The largest gathering of people spotted by Alexandra Cat as she cycled through the UK capital on Thursday morning were outside supermarkets where shoppers queued to stock up on supplies amid concerns of a London lockdown.
The streets were quieter than normal – the flood of commuters had dwindled to a trickle - and the mood was different.
“You could see on people's faces they looked like they were in shock,” said Ms Cat, 49, a trauma therapist. “It’s a face I’m familiar with seeing because of the work that I do. We’re just like deer in the headlights and just trying to hold our nerve.”
London is the epicentre of the coronavirus outbreak in Britain, where authorities have taken some of the most drastic measures to curb social contact in an effort to stem the spread of Covid-19. Its most famous resident, Queen Elizabeth, has left her Buckingham Palace residence for her castle at Windsor, a town just west of the capital.
Transport officials started closing dozens of underground stations on Thursday to restrict movements and to cope with the loss of staff who were self-isolating after showing coronavirus symptoms. Bus and train services were also being restricted as people tried to work from home.
Jordan Claridge, a 36-year-old assistant professor from the London School of Economics (LSE), said the centre of London was largely deserted as picked up some books in case of restrictions on his movements.
"In central London, by LSE where I work, there are virtually no humans around at all," he told The National.
The government, however, played down fears of a London lockdown sparked by concerns that 20,000 military were put on standby to assist with the outbreak.
At a press conference on Thursday, Mr Johnson said the UK could “turn the tide” of the coronavirus outbreak in the next 12 weeks if government advice is followed.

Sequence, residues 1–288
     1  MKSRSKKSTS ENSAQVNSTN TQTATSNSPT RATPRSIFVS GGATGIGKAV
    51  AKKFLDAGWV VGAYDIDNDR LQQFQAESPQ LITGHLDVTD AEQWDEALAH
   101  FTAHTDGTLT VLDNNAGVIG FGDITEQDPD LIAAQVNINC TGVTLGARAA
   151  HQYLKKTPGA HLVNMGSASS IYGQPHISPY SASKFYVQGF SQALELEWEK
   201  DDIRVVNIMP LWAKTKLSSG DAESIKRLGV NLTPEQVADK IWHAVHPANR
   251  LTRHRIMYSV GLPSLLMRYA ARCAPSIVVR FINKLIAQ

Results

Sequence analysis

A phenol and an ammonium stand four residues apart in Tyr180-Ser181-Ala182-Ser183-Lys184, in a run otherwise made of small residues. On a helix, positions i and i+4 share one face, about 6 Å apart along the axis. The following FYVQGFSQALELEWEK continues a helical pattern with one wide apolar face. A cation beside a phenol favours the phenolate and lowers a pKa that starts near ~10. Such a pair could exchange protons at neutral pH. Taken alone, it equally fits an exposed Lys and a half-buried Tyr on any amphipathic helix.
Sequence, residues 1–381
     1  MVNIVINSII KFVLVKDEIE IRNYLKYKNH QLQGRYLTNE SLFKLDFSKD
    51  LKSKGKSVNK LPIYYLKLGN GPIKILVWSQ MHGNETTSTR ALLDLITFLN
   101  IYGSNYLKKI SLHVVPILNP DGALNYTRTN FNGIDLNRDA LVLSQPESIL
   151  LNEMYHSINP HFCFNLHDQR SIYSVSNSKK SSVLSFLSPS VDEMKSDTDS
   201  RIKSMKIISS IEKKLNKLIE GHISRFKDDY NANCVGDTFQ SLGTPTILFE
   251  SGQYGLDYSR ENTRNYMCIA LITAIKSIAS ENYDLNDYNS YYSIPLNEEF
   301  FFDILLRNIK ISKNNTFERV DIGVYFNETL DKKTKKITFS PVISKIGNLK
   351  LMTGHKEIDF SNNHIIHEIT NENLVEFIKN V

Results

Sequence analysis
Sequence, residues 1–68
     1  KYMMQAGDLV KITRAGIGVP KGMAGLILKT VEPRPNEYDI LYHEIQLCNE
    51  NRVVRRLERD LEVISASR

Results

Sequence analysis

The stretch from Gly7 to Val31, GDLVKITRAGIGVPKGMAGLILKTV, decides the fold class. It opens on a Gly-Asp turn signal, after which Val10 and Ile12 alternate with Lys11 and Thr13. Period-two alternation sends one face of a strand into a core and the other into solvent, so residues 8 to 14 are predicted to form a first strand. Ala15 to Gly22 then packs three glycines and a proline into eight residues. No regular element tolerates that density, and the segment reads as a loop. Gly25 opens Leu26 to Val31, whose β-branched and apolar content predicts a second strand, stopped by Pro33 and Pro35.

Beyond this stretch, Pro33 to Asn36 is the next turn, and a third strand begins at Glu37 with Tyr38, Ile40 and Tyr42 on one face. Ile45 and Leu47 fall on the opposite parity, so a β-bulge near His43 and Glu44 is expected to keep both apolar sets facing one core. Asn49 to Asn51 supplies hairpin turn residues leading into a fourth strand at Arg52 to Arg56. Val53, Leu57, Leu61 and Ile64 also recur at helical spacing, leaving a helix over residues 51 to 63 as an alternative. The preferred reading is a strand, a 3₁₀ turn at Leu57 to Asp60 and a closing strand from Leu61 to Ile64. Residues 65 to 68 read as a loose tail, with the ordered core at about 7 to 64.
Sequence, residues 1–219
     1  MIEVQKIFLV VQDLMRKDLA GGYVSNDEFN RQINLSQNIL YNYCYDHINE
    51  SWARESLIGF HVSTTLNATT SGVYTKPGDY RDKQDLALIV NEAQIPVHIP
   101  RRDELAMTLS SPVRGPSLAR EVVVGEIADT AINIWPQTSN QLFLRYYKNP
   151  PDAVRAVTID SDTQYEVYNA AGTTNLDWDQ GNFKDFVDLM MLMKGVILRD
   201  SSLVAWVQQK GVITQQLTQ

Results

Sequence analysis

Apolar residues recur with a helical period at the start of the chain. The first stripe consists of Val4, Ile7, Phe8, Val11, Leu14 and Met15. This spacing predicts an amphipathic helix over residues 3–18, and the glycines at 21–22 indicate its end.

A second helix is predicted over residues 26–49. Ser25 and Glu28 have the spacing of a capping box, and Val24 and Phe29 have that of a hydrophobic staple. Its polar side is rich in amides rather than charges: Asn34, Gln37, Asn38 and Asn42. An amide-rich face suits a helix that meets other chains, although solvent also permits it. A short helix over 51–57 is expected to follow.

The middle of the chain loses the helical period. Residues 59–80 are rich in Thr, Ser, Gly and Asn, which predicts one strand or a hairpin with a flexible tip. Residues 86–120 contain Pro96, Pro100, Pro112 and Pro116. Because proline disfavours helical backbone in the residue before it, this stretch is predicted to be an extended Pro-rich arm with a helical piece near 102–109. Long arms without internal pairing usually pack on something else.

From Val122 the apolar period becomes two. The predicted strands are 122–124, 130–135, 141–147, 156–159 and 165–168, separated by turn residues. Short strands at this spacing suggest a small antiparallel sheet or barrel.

"If we feel that it isn't working and we need to bring forward tougher measures, nothing is ruled out," the prime minister added. He explained in some parts of London the people’s willingness to follow advice had been “patchy”.
His comments came as Boris Johnson’s administration published plans for a new emergency law in a 329-page document that gives officials sweeping powers to restrict movements across the United Kingdom.
They include powers to detain citizens suspected of being infected, increase the powers of the security services, allow an order to close borders in the event of too few border security officials being able to work.
The measures also seeks to make it easier for volunteers to help medical efforts to tackle the disease. The bill, which would allow measures that last for more than two years, allows the government to ban events on land, in the air and offshore and close buildings, according to guidance published alongside the Bill. Those that breach the rules can be fined.
The measures sparked concerns among civil liberties campaigners but are expected to secure enough support to pass into law.
The new proposals came as the latest figures revealed that a further 29 people who tested positive had died in England.
It took the UK total to 137. The government’s chief scientific adviser, Patrick Vallance, called for the end to socialising in pubs and clubs, amid reports that government advice had been widely flouted in the capital.
Dr Claridge said he had been expecting further government measures earlier. “My feeling is the government here has been a little behind the curve or chasing the ball for a while,” he said. “Maybe we should have done this two or even three weeks ago.”
The Canadian academic said the sudden movement of classes online for students had been jarring.
“We have students from all over the world, a lot of them, their families want them to come home,” he said.
Charlie Reith, a 29-year-old public relations consultant who lives in the centre of London, said the number of people he saw out and about had been dwindling since he started working from home on Monday.
"Nowhere is busy and restaurants are completely empty," he said. The number of commuters is non-existent and with schools set to close at the end of the week, even fewer people are expected to be out and about.
“Every morning we have a crocodile of about 50 school children that walk through this courtyard,” Mr Reith said.
“They have been easily the most number of people that we’ve seen walking through but obviously that will stop this week.”